The Long History Of The Christmas Tree


"That pretty German toy, the Christmas tree." Published in The Illustrated London News. Source: (Wikipedia).

The 1930s saw the beginning of artificial Christmas tree production, first using brush bristles; by the 1950s and 1960s, they started to make trees from aluminum and PVC. This was just one more development in the history of the Christmas tree, a history that dates back to the pagans.

Pagan Tree Worship

For the ancient Egyptians, Chinese, and Hebrews, evergreen wreaths, trees, and garlands symbolized eternal life; the pagans in Europe worshiped trees. It is no surprise that these customs continued with the conversion to Christianity. The Scandinavians decorated with evergreens to scare away the Devil, and in Germany, they placed a Yule tree inside the house.

The Paradise Tree

It was in Germany that the modern Christmas tree got its start. One of the medieval plays was about Adam and Eve, and it used a “paradise tree.” On the tree, they hung apples to represent the Garden of Eden. On the religious feast day of Adam and Eve, December 24, they set up a paradise tree in their home, hanging wafers on it as a representation of the eucharistic host, a sign of redemption. Later, they hung shaped cookies. They started to place candles in the tree because of the belief that Christ was the light of the world.

Spreading To North America

Prior to the 16th century, the Germans also had a “Christmas pyramid.” This wooden triangular structure had Christmas figurines adorning its shelves and was decorated with candles, evergreens, and a star. This eventually merged with the paradise tree to become the Christmas tree. By the 19th century, the tradition had become firmly rooted as a German tradition, and it began to spread to England. As early as the 17th century, German immigrants brought the tradition with them to North America, and it was firmly ingrained by the 19th century.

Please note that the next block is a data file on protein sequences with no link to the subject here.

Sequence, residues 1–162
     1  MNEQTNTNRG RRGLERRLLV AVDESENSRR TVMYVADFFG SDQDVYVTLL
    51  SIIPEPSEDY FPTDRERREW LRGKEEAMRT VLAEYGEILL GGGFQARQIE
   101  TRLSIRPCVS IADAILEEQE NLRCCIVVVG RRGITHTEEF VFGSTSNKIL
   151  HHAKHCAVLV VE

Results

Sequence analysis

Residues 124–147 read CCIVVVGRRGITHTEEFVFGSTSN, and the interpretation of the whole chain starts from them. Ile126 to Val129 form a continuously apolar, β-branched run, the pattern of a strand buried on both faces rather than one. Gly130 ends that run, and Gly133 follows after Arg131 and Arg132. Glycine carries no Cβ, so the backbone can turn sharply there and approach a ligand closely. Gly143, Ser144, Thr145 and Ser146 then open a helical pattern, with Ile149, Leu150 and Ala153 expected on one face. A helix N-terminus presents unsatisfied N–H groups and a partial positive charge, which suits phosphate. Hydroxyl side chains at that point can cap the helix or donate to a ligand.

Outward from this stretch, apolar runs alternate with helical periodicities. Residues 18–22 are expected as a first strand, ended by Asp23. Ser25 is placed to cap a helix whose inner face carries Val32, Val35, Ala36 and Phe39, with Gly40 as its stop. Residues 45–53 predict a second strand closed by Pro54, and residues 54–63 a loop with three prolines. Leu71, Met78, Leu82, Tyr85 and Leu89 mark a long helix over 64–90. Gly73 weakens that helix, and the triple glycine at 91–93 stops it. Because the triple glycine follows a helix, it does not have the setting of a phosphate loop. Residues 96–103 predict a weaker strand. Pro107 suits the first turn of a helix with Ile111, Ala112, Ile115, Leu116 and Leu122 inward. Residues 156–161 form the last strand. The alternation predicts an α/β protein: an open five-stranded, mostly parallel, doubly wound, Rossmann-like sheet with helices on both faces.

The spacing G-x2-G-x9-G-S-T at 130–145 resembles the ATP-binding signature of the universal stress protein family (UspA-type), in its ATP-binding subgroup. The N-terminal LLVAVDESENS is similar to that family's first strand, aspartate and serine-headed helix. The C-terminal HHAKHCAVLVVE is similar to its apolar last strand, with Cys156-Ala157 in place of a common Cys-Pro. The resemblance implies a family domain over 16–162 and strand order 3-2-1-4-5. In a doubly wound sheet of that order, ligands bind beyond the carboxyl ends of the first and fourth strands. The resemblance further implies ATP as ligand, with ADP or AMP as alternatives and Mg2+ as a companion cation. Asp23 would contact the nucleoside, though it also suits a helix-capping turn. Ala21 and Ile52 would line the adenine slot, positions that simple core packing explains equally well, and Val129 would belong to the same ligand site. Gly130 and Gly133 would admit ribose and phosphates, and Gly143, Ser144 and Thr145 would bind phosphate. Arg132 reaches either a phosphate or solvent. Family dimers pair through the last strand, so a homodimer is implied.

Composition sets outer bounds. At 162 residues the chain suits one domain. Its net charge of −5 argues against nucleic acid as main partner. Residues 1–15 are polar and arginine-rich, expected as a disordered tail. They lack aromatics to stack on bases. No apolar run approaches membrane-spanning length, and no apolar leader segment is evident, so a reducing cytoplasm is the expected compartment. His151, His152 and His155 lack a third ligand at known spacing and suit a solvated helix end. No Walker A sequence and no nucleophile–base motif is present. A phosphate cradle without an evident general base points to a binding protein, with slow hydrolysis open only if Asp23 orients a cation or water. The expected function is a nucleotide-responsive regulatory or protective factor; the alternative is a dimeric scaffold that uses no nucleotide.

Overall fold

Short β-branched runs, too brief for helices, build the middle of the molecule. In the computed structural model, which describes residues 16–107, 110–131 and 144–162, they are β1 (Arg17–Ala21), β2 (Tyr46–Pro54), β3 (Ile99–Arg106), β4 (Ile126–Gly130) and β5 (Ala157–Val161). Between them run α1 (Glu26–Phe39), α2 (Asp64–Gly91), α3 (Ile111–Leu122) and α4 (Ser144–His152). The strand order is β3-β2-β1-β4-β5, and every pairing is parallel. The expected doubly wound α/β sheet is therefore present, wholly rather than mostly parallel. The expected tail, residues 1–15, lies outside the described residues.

Source: (Pinterest).

It Came To England With Prince Albert

In 1846, a sketch of Victoria and Albert appeared in The Illustrated London News. This sketch, of the pair and their family standing around the Christmas tree, helped to make the Christmas tree popular in England. In Victorian England, the tree was decorated with toys, gifts, candles, candies, strings of popcorn, and fancy cakes. These were all attached to the tree by ribbons and paper chains. As the Christmas tree tradition continued to spread around the world, Western missionaries took it with them to China and Japan; they decorated their trees with origami birds.

Glass Ornaments

By the late 19th century, small workshops in Germany and Bohemia were producing blown glass ornaments which were being sold in Great Britain and the United States. Some of these German glass ornaments were shaped like fruits and vegetables. A story started to circulate that the Germans hung a pickle as the last ornament, and the first child to find the pickle received an extra gift. However, when Germans were asked about this, no one had heard of it, so it is often assumed that the story was created by a clever salesman. They produced other decorations, including items made from cast lead, beads, pressed paper, and cotton batting. By 1890, F.W. Woolworth had annual ornament sales of $25 million. German-Americans continued to use apples, nuts, cookies, and popcorn.

A pavuchky. Source: (Pinterest).

Lighting The Tree

Some believe that the tradition of lighting the tree also has its roots in Germany, with Martin Luther. According to legend, he was walking home one winter night and saw the stars twinkling through the evergreens. Inspired, he went home and decorated a tree with candles so that he could recreate what he saw for his family.

Different Countries, Different Ornaments

Just like Japan decorates with origami birds, different countries bring their own traditions to the tree adornments. In Denmark, they hang “julehjerte” which are handmade paper hearts made by pleating and weaving red and white paper into a heart shape which is then filled with nuts or sweets. Supposedly, Hans Christian Anderson made one of the earliest ones, and is still in a museum in Odense today. In Scandinavia, they also decorate with a “yule goat,” which dates back to pagan beliefs; these ornaments are often made of straw wrapped with red ribbon.

The Christmas Spider

Another tree tradition, the hanging of a spider ornament or of “spider webs” comes from Ukraine. This ornament called a “pavuchky” has its origin in a story as well, although there are different versions of it. According to one, an impoverished widow lived with her children. Their Christmas tree was bare when they went to bed on Christmas Eve, but when they woke, the spiders had spun webs around the tree. The morning light illuminated the strands to make them glow silver and gold; after this, the family never wanted for anything.